Now we know that there were many civilisations which flourished in ancient times, when people think civilisation started. So it is on a large scale that this question has to be raised, in the context of which what I am going to say will have some meaning. I do not want to present Vedic literature as Indian literature, which is how it is very often presented. We had in earliest times, some civilisations, like the Egyptian civilisation, we had a civilisation in Mesopotamia, civilisation of China, civilisation of India, and then we hear also of the civilisation of Persia, civilisation of Greece. Unfortunately even though these great civilisations flourished, we have no definite historical evidence as to what were their thoughts and aspirations among all these ancients’ records that are available in one form or in the other. In Egypt we had the Pyramids, and we have paintings in the Pyramids which are available. These paintings are being interpreted in many ways, and we imagine what the people of Egypt might be thinking of. But among all these ancient civilisations, there is only one literature available which can give you a definite idea with certainty as to what those ancient people thought, what they aspired for. And that is Vedic literature. If you ask the question what are the ancient, most ancient records which we can open and where we can find out, with definiteness, what exactly were the thoughts and aspirations of ancient people — this is the literature available to us. So I want to present Vedic literature as world literature. It is a common heritage of the whole world, relevant to everybody in the world. Anybody, whether he is European, or American, or African, or Indian, or Asian, or Australian, whatever, if anybody wants to know with definiteness, what ancient people thought and aspired for, they have to refer to this literature, because it is available. It is available now in written form. For a long time it was available only in the oral form. We are going to explore the thoughts of the ancient people, aspirations of the ancient people, as evidenced in the Vedic literature. That is one aspect of what I am going to say. There is another aspect. Why should we at all inquire into what the ancients have thought? Why? What is the usefulness of it? Relevance of it? There are three answers to this question. What we are today can very often be known when we know better and better what we were yesterday. There is what is called, a question of identity. When we ask the question: “What are we today?” What you are asking basically of what is our identity, what are we? This is our first question. And if what we are today is dependent upon on what we were yesterday, and even the day before yesterday, then it is worthwhile exploring that ancient time, and what the Ancients thought and aspired for. Maybe what we are doing today is rooted in it. May be, may not be. But if we know what was, we can find out whether we are rooted there or not, and our identity can be known better. That is the first answer to the question.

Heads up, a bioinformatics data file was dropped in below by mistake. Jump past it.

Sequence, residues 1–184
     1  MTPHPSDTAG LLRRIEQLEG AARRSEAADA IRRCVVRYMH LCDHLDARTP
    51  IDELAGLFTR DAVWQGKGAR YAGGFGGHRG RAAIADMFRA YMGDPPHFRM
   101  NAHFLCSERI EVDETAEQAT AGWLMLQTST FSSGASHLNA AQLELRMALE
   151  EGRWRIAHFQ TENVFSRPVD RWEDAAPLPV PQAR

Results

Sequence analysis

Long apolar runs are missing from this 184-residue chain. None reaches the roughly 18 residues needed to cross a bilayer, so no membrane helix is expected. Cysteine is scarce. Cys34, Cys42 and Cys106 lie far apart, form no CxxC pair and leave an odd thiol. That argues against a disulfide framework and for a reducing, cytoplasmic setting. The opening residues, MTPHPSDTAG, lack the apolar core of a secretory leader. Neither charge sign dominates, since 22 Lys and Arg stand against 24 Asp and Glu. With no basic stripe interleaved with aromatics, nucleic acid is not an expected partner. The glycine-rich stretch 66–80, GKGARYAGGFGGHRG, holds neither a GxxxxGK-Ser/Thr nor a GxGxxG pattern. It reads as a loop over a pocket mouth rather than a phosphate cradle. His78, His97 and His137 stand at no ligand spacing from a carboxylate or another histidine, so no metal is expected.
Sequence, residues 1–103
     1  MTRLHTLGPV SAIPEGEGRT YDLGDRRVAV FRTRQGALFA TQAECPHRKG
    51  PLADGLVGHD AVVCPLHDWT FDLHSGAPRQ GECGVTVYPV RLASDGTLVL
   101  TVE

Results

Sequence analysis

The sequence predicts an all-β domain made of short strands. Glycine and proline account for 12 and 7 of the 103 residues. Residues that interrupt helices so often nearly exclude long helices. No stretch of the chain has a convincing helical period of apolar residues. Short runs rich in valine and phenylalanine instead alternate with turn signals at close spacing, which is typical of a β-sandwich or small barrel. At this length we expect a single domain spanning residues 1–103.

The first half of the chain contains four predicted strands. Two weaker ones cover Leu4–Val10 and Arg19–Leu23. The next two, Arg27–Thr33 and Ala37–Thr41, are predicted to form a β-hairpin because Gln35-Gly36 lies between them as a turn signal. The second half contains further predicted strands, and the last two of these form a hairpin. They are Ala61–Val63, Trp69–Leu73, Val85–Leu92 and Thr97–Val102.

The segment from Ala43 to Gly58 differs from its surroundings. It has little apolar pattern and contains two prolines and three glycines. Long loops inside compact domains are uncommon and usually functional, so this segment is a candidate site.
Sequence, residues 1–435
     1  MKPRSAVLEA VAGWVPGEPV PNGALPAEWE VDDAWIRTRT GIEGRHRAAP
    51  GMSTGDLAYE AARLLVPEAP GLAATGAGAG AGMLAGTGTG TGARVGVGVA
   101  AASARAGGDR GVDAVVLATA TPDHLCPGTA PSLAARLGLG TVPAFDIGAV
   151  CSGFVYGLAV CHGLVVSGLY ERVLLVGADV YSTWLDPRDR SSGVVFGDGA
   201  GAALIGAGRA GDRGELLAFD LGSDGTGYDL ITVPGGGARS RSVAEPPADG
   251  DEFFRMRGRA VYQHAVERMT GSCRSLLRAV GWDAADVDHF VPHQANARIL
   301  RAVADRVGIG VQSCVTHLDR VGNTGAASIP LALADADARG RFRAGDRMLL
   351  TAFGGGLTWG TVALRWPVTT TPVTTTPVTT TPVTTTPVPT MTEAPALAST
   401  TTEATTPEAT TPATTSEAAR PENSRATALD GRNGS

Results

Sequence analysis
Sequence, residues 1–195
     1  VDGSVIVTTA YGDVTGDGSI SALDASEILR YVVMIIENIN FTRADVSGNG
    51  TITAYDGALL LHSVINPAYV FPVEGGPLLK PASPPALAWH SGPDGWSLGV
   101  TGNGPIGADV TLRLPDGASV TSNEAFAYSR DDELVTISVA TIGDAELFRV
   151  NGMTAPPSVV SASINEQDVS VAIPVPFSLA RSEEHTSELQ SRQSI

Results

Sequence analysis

The second answer is that we are today in search of a solution. Why? Because today we are confronting what may be called critical problems, not only problems, but critical problems. There is a difference between a problem and a critical problem. A problem is a question regarding which we have a hope to find a good answer, more or less with some difficulty, with some uneasiness. But a critical problem is a problem regarding which the answer must be found, and yet that answer is extremely difficult to find. There are many problems, in regard to which answers may not be found, and yet it doesn’t matter, but a critical problem is a problem regarding which the answer must be found. If its answer is not found we cannot move forward. That is the meaning of a critical problem.